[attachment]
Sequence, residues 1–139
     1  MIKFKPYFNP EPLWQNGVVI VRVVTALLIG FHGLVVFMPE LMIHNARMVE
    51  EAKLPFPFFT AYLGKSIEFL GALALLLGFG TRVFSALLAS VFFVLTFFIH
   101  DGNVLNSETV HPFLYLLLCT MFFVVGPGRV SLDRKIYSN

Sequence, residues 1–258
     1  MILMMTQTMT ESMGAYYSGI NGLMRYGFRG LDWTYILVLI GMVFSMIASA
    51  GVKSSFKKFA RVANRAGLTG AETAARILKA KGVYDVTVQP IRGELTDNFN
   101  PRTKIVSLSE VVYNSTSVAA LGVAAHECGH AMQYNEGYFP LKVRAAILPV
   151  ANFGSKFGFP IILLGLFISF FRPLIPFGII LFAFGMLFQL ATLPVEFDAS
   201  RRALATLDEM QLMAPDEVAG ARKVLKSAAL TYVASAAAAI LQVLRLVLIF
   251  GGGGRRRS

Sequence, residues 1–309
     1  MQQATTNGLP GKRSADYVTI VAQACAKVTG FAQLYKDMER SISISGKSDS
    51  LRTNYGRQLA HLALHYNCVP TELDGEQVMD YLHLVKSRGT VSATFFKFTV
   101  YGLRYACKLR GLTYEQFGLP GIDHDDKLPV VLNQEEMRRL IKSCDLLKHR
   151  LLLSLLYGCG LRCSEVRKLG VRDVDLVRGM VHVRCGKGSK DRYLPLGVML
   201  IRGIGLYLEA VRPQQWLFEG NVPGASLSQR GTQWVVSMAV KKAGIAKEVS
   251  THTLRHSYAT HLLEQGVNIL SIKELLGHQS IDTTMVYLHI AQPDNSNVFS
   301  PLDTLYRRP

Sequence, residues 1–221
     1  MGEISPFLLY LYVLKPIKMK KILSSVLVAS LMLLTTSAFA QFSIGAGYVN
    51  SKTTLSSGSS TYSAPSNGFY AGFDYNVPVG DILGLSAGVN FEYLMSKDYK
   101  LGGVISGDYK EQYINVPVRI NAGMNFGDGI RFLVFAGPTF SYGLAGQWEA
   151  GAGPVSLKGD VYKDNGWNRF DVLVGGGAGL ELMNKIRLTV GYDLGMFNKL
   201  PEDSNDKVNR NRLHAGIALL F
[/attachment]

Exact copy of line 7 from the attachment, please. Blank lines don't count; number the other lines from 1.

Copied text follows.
    51  GVKSSFKKFA RVANRAGLTG AETAARILKA KGVYDVTVQP IRGELTDNFN